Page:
I have bad news….Julia Child and I are NOT soul mates. It all began with my introduction to Mastering the Art of French Cooking last summer, this cook book changed the way I thought about cooking. I loved the way she talked about food (and to it), the way she took time to experiment and create, the way she blissfully made her way around the kitchen the same way I do when I am not under time constraints or limitations. Her joy in the kitchen was contagious and I spent hours in the kitchen last summer, preparing her recipes to a “t.”
Then, last week, I read a biography about Julia Child in which I realized that her and I don’t share the same desire for fresh, local, organic ingredients…not a little…not at all. She believed that cooking is more about what you do to the food than the ingredients itself. I have too much respect for her capabilities to say she is wrong, we just see it differently. All I can say is, if she can make great food out of crappy ingredients, than I can make unbelievably great food out of fresh, local, seasonal ingredients.
In an attempt to learn more about this venture, this week I began reading Animal, Vegetable, Miracle by Barbara Kingsolver, a story about a family who moves across the country, from the dry desert of Arizona to the lush hills of Southwestern Virginia to begin “a year of food life.” They decided their life in Arizona was leaving a very large carbon footprint, meaning there were very few local options when it came to food, and the distance food had to travel to get there was wasting a lot of energy and resources. Once in Virginia, they took the first year to prepare their land for gardens, get to know their local farmers, and fix up their old farmhouse and surrounding hills that would provide them with much of what they needed for the next year. They committed themselves to providing for their family with food that was local–food grown on their farm or on the surrounding farms. There were a few items that they had to get from a state or two away, like grains for bread and coffee for fuel, but beyond that, their grocery list consisted of local, seasonal food.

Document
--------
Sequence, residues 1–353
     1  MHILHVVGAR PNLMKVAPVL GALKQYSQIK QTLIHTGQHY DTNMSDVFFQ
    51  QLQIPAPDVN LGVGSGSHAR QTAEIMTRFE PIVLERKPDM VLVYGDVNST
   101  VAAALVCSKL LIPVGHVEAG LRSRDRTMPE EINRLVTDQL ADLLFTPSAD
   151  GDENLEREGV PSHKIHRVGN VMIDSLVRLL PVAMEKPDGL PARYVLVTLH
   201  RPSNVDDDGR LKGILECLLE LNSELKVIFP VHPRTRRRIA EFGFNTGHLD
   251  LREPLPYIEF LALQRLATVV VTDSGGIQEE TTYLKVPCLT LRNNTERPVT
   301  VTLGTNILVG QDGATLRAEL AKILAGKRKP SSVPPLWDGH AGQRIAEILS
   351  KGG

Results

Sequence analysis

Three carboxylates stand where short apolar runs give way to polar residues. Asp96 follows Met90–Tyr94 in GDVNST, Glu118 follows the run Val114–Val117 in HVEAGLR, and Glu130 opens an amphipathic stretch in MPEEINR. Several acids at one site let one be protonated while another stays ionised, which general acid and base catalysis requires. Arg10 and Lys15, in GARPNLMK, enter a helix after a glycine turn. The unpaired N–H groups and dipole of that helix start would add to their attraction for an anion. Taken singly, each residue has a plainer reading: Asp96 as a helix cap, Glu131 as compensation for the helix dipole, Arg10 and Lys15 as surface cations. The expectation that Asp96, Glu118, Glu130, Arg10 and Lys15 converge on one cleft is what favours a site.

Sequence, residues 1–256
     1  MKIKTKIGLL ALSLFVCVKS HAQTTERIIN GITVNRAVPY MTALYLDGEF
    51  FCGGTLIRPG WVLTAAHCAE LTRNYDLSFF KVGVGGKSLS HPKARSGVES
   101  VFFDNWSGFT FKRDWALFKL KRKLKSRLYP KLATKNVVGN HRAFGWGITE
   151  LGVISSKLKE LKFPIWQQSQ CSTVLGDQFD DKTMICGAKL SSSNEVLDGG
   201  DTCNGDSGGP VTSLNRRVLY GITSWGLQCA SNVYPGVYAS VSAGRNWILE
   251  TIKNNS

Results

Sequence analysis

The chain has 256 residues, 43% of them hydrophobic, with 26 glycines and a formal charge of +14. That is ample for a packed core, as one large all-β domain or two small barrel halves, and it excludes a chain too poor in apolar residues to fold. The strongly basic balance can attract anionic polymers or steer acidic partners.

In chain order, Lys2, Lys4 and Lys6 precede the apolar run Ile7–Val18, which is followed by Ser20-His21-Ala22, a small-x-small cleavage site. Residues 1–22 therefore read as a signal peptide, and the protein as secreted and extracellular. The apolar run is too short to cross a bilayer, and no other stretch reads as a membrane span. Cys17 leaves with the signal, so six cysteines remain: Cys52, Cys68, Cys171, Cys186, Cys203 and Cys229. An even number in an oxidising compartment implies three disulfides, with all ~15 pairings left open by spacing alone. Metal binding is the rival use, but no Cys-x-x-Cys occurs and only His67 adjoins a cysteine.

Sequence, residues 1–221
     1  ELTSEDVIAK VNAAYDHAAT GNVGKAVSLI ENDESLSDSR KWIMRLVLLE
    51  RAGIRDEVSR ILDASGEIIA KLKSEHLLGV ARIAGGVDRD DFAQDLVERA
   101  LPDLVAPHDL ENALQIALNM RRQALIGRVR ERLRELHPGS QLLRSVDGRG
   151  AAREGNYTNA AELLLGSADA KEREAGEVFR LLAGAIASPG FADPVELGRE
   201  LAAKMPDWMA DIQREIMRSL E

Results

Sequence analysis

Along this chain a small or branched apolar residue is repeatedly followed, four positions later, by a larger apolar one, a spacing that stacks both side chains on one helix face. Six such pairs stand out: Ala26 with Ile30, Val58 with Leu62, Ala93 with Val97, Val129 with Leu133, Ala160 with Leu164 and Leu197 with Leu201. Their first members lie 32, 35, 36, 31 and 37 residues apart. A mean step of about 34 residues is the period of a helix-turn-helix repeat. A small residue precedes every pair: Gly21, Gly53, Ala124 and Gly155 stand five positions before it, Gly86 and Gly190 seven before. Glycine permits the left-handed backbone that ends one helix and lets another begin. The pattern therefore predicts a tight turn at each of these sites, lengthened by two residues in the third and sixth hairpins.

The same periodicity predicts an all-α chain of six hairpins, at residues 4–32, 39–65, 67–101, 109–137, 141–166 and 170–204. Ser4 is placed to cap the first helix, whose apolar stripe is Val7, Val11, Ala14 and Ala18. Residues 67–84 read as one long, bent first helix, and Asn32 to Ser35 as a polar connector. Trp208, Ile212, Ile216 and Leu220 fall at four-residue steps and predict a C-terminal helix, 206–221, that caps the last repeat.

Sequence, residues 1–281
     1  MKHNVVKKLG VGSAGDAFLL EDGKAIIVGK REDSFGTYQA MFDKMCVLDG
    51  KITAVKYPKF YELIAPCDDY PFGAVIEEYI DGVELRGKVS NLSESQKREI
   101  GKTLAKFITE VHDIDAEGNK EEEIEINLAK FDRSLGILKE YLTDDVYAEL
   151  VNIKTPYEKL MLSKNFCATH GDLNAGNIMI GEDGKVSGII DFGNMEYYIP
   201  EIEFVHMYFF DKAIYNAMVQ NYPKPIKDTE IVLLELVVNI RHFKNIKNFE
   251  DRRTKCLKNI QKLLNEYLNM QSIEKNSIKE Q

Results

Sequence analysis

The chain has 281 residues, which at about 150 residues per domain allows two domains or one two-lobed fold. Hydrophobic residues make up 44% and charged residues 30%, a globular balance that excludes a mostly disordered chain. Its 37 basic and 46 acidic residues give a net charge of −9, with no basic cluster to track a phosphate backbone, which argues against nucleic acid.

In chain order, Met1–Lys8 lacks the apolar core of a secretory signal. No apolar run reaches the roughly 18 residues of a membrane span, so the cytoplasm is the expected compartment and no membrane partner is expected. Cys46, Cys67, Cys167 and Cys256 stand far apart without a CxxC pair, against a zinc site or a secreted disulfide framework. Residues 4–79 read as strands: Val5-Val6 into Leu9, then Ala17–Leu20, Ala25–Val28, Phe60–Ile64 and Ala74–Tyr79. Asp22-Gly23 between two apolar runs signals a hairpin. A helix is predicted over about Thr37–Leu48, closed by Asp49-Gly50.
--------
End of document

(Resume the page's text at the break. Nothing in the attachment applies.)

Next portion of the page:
Seasonal food, what EXACTLY does that mean. Try to think of 10 fruits or vegetables and the months/seasons in which they are harvested. Do you know 10? Do you know what is in season right now? This is a harvest chart for Virginia, just do a quick Google search to find your local harvest calendar.
|April||Kale, Collards, Spinach, Carrots, Strawberries, Rhubarb, Peas, Beets, Broccoli, Cauliflower, Asparagus|
|May||Carrots, Green Beans, May Peas, Potatoes, Strawberries, Spinach, Greens|
|June||Beets, Blackberries, Carrots, Cucumbers, Eggplant, Green Beans, May Peas,Peaches, Peppers, Potatoes, Strawberries, Summer Squash, Zucchini, Tomatoes.|
|July||Beets, Blackberries, Blueberries, Butter Beans, Cucumbers, Eggplant, GreenBeans, Okra, Peaches, Peppers, Potatoes, Raspberries, Summer Squash, Zucchini, Sweet Corn,Tomatoes, Watermelons, Canteloupe, Cabbage|
|August||Beets, Blackberries, Blueberries, Butter Beans, Eggplant, Grapes, Okra,Peaches, Peppers, Potatoes, Raspberries, Summer Squash, Zucchini, Sweet Corn, Watermelon,Canteloupe.|
|September||Black-eyed Peas, Blueberries, Broccoli, Kale, Cabbage, Collards, Spinach,Butter Beans, Eggplant, Grapes, Green Beans, Okra, Peaches, Peppers, Potatoes, Pumpkins,Raspberries, Summer Squash, Zucchini, Sweet Potatoes, Sweet Corn, Tomatoes, Watermelon,Canteloupe.|
|October||Broccoli, Kale, Cabbage, Collards, Spinach, Green Beans, Peaches, Peppers,Potatoes, Pumpkins, Raspberries, Sweet Potatoes, Turnips, Winter Squash.|
|November||Broccoli, Kale, Cabbage, Collards, Spinach, Pumpkins, Sweet Potatoes,Turnips, Winter Squash.|
I admit, I had cantaloupe for breakfast and I’m fairly sure it came from Florida, oops. But I also made sure I filled my fridge this week with LOTS of local, fresh, seasonal veggies and one beautiful little fruit– strawberries. It may seem like deprivation to purposefully deprive yourself of the wide produce selection in the grocery store, but after your first bite of freshly picked asparagus or strawberries, you will see this way of shopping as a reward. It is not always terribly convenient to get local produce– all winter long I just went to the grocery store, too, but this year I am determined to plan ahead and do it differently. The produce you get at the farmer’s market or straight from the garden isn’t even comparable to the flavorless, unripened produce at the store. EVERY SINGLE strawberry has been sweet and juicy, completely red, without a trace of white. I didn’t even have to cut the end off of the asparagus because it was soft and sweet from top to bottom. Don’t even get me started on how happy I was to eat spinach and collards from my own garden, cut only minutes before dinner…blissful.
I love knowing where my food comes from, I love talking to the farmer and getting to ask questions and see the garden or farm from which my food came. A lot of people are totally freaked out by this, so they continue to buy food from the grocery where they get faceless, nameless, tasteless cuts of meat and produce. The truth is, if they KNEW where that food was coming from, they would probably wish they hadn’t, so I guess ignorance is bliss. If the only knew what they were missing…